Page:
One of the great myths about trucking and other service businesses is the idea that if you are profitable, you are doing all right. A healthy balance sheet is good, but having enough cash on hand to run your business is absolutely essential.
In trucking, where you must sometimes wait as long as two months between a completed haul and payment, building up adequate cash flow can be challenging. Here are six ways to quickly generate enough working capital to operate and expand your company:
Factor Your Receivables
Many trucking companies use factoring (also known as “accounts receivable financing”) as a quicker, easier alternative to a banking line of credit or other financing. A factoring provider can advance cash on your invoices within 24 hours, allowing you to quickly build up cash flow. You receive the balance of the invoice value, minus a small fee, when the factor receives payment from your customers. Not only does factoring allow you to turn your trucking company’s invoices into cash within a day, it also handles collections and other back-office work for your company.
To learn more about how to factor, read RTS Financial's free resource, Your Complete Guide to Factoring.
Use Fuel Cards and Other Loyalty Programs
There are two key advantages to signing your fleet up for a fuel card. First, the card provides discounts on fuel, maintenance and other purchases. Secondly, most cards provide detailed monthly reports on transactions and let you set restrictions on purchases. This eliminates the risk of your drivers fudging on their expense reports and costing your fleet more money. The per-gallon price of diesel is low right now, but you could always be paying even less. The best fuel cards offer average savings of several cents per gallon. Over the course of a year, those savings can free up thousands of dollars to help you meet other company expenses.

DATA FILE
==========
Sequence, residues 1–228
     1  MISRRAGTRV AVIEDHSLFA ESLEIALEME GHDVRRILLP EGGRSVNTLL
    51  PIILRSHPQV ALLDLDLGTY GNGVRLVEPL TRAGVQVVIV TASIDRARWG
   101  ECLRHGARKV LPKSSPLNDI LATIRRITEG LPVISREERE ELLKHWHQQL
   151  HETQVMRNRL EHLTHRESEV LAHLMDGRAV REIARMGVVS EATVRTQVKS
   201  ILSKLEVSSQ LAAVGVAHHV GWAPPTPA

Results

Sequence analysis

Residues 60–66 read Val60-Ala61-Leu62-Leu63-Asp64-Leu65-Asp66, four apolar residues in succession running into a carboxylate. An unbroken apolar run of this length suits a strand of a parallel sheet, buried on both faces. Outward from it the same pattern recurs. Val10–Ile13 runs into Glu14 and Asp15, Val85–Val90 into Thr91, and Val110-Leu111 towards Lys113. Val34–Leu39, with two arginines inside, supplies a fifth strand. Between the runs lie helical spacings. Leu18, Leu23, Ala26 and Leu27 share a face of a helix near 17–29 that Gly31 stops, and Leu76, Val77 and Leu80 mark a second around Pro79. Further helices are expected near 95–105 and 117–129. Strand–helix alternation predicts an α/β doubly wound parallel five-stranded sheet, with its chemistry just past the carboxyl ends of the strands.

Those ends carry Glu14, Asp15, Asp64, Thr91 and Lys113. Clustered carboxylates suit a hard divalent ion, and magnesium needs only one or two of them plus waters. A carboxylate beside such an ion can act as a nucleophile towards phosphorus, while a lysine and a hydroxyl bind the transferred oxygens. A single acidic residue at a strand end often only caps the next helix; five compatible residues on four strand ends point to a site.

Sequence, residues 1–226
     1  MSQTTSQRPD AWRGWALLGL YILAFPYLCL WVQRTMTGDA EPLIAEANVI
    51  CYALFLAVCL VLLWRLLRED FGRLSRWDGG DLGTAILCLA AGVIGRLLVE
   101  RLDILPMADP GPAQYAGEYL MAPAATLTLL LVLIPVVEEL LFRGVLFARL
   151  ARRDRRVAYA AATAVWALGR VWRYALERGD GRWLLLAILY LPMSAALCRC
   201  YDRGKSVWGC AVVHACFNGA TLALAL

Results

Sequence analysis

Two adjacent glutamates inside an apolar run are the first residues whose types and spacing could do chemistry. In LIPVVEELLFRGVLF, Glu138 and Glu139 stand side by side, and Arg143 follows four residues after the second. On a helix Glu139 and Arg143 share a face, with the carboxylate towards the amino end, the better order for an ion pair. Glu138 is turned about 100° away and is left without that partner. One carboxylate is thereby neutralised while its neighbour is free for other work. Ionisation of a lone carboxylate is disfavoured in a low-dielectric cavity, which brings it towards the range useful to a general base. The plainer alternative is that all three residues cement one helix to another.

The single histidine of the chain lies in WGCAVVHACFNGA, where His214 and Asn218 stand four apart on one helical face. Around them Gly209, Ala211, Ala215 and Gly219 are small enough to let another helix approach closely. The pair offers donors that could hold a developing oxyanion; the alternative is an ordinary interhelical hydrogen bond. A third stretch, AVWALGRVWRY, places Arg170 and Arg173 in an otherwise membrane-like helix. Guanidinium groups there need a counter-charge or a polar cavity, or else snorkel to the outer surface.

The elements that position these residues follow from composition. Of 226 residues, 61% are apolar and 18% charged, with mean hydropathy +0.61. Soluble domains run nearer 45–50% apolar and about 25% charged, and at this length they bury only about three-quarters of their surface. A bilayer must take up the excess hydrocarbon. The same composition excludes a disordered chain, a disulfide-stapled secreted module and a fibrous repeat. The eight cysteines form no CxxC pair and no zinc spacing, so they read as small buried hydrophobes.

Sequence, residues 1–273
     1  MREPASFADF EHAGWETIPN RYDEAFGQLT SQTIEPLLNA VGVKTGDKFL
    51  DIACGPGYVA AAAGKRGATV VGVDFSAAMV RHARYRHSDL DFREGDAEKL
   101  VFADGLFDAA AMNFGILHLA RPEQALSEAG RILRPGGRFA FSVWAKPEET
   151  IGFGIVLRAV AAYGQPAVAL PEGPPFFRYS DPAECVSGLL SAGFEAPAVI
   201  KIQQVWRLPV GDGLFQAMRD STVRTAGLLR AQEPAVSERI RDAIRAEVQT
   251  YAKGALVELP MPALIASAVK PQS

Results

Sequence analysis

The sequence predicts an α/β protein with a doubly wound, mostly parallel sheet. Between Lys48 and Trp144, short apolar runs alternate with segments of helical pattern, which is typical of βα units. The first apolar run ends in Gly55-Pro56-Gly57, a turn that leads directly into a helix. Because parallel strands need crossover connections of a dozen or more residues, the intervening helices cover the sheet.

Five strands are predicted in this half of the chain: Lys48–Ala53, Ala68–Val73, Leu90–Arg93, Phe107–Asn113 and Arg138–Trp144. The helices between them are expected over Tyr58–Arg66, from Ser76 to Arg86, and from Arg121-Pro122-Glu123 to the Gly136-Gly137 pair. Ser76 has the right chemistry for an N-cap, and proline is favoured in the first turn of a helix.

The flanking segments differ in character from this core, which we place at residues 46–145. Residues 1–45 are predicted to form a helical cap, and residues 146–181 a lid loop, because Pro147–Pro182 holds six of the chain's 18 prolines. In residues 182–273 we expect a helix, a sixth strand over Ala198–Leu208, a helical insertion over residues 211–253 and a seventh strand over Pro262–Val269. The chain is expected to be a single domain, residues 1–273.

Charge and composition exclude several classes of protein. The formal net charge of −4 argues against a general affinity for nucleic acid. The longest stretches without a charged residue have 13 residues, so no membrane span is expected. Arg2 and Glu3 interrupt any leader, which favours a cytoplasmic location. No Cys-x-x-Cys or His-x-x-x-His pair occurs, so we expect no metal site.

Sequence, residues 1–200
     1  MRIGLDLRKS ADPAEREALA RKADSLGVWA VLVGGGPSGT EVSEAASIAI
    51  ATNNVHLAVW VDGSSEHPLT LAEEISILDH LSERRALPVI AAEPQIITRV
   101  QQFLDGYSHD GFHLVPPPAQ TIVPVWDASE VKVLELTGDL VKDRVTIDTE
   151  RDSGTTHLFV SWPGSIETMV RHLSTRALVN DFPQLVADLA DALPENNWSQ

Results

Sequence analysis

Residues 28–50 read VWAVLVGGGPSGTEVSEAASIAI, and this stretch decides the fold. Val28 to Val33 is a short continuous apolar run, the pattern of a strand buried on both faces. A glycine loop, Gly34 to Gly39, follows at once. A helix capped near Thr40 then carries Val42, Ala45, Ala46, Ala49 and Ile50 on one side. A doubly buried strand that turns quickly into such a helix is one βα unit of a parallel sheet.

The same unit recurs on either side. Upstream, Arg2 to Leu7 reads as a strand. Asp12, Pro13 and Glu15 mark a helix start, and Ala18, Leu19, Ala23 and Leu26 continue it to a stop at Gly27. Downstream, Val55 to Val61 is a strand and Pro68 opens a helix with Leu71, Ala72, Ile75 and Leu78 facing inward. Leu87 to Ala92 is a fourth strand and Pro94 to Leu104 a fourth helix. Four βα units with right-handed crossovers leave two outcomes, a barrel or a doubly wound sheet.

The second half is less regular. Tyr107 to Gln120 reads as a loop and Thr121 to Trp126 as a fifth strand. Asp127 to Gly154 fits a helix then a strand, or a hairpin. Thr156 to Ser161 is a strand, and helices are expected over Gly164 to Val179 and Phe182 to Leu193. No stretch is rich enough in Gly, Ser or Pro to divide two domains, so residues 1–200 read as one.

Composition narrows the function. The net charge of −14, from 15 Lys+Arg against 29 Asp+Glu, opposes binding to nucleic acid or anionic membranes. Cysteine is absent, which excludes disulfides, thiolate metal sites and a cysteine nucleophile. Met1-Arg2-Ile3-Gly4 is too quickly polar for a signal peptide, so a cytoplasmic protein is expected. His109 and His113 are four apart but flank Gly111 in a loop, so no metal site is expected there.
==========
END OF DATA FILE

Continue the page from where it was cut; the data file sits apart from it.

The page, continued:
Check Credit Information
Shippers and freight brokers go belly-up all the time, leaving a trail of unpaid invoices. To guard against payment default, you should regularly check the credit ratings of the companies you serve. A low or declining credit score could mean that a customer or broker is in financial trouble. Armed with this information, you can decide if it is worth taking the risk of doing business with these companies. You do not necessarily have to pay for access to credit information. Some factoring companies and other financial providers offer free credit scores and days-to-pay information on thousands of brokers and shippers.
Evaluate Your Insurance
Insurance can be one of the biggest fixed costs for trucking companies. Is your company paying more on insurance than necessary? You should evaluate your fleet’s insurance policy at least once a year. If cash is tight, you might consider raising your deductible to lower your monthly premium payments. You will need to balance the advantage of a lower premium with the risk of future insurance claims.
Also, regularly checking your company’s credit rating is a good idea. If your credit rating improves, you could lock in a better insurance rate. Finally, it is always a good idea to shop around among various insurance providers. Can you get a better deal from another insurance company for a similarly solid policy? The answer is often “Yes.”
Cut Unnecessary Expenses
Another way to quickly build more cash flow is to cut spending that does not necessarily benefit your company. Take a critical eye to fixed costs like office space, payroll, equipment agreements and service providers. Can you lease a less-expensive property for your headquarters? Can some of your back-office work be outsourced to a third-party company? Even something as simple as switching telecom providers can potentially save your company hundreds of dollars per month.
When business is good, it can be tempting to pump your profits into newer equipment or additional headcount. However, it is also wise to put a portion of that extra money into investments that can be easily liquidated when you need the cash. Work with a certified public accountant (CPA) or a financial planner to build a portfolio of stocks, bonds and other holdings where your money can grow until you need it. Another approach is to invest some earnings into real estate, though the volatility of that market might mean you have to cash out when your holdings have lost some of their value.